Carbon-dating of an ancient beam from a Guatemalan temple may help end a century-long debate about the Mayan calendar, anthropologists said on Thursday.
Experts have long wrangled over how the Mayan calendar — which leapt to global prominence last year when the superstitious said it predicted the end of the world — correlates to the European calendar.
Texts and carvings from this now-extinct culture describe rulers and great events and attribute the dates according to a complex system denoted by dots and bars, known as the Long Count.
The Long Count consists of five time units: Bak’tun (144,000 days); K’atun (7,200 days), Tun (360 days), Winal (20 days) and K’in (one day).
The time is counted from a mythical starting point.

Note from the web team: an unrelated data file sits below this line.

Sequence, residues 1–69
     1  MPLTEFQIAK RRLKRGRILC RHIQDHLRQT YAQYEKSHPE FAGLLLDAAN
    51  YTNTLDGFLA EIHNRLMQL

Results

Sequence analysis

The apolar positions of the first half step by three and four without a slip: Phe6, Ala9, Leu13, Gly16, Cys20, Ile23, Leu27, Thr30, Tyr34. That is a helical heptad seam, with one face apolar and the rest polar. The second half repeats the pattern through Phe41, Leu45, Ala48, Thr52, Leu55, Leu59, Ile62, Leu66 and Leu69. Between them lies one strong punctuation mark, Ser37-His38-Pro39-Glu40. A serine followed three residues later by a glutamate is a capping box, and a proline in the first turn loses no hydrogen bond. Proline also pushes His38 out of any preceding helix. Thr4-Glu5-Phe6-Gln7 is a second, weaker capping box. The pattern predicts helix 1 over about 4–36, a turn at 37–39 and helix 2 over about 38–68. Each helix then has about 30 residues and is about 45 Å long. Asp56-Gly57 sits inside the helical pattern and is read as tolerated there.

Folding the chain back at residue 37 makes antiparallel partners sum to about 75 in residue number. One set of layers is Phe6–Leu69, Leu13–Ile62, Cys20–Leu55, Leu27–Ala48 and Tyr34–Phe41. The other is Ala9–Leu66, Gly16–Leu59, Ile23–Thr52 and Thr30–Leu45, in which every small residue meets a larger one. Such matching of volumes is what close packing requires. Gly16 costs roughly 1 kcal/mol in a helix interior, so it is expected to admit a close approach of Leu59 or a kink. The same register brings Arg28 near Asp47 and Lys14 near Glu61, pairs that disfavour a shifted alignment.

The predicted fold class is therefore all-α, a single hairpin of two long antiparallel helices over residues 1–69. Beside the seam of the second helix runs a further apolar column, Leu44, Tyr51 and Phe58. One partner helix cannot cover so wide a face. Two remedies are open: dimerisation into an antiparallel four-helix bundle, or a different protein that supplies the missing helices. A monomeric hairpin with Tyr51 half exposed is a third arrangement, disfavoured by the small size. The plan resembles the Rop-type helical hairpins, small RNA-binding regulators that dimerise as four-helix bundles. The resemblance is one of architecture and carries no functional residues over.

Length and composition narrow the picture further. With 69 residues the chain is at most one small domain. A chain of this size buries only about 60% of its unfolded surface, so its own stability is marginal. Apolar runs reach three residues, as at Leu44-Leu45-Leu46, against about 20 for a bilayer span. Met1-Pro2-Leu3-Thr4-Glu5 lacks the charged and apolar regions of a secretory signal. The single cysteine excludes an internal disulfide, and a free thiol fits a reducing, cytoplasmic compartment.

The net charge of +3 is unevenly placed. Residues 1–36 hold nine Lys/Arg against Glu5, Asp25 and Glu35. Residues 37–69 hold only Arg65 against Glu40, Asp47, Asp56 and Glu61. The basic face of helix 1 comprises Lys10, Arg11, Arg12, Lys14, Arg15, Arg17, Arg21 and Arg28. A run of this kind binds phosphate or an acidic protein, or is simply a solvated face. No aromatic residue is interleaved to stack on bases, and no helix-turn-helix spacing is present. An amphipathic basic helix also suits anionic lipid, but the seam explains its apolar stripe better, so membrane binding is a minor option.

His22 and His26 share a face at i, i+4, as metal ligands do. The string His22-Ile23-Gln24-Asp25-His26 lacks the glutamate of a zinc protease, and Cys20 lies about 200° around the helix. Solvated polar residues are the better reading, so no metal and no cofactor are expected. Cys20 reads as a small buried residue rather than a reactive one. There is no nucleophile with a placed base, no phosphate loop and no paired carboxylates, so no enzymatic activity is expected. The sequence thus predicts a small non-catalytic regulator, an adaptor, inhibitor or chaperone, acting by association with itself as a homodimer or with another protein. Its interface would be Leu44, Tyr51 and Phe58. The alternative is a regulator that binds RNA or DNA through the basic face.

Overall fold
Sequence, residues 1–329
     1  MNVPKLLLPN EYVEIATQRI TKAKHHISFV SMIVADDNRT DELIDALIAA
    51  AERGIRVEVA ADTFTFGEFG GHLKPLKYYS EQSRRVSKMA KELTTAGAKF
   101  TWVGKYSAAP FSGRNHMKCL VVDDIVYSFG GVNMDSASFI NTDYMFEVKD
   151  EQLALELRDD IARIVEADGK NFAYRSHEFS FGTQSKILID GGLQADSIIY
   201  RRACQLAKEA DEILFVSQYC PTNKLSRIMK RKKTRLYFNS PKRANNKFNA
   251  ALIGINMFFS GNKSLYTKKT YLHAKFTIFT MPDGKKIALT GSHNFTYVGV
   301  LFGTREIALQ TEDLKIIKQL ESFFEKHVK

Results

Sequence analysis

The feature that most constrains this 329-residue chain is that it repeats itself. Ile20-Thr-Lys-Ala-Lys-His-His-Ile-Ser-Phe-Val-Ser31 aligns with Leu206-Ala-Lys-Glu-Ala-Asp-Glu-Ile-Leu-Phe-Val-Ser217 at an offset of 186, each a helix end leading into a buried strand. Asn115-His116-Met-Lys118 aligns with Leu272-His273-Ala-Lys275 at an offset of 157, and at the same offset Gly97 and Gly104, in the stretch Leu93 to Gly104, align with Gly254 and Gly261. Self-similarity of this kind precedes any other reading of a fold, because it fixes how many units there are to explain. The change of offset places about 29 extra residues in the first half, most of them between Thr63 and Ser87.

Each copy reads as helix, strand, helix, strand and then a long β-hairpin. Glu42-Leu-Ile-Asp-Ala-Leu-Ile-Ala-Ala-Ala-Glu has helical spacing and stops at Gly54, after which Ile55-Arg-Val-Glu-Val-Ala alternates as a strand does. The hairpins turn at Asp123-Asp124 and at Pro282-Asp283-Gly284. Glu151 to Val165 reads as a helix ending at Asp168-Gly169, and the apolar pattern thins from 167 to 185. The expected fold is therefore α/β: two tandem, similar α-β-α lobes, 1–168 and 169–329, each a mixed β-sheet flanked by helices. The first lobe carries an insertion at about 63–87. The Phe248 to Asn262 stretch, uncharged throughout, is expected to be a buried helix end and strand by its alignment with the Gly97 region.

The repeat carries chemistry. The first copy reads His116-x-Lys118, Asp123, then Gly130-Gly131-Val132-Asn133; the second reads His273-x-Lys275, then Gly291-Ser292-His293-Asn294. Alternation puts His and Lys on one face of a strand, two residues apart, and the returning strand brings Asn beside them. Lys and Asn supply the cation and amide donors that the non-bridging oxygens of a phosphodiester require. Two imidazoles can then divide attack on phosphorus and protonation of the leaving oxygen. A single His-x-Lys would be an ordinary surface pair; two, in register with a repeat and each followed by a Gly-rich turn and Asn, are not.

But the date of this starting point is unknown. Spanish colonisers did their utmost to wipe out traces of the Mayan civilisation, destroying evidence that could have provided a clue.
An example of the confusion this has caused is the date of a decisive battle that shaped the course of Mayan civilisation.
It occurred at nine Bak’tuns, 13 K’atuns, three Tuns, seven Winals and 18 K’ins — or 1,390,838 days from the start of the count. Attempts to transcribe this into the European calendar have given estimates that vary by hundreds of years.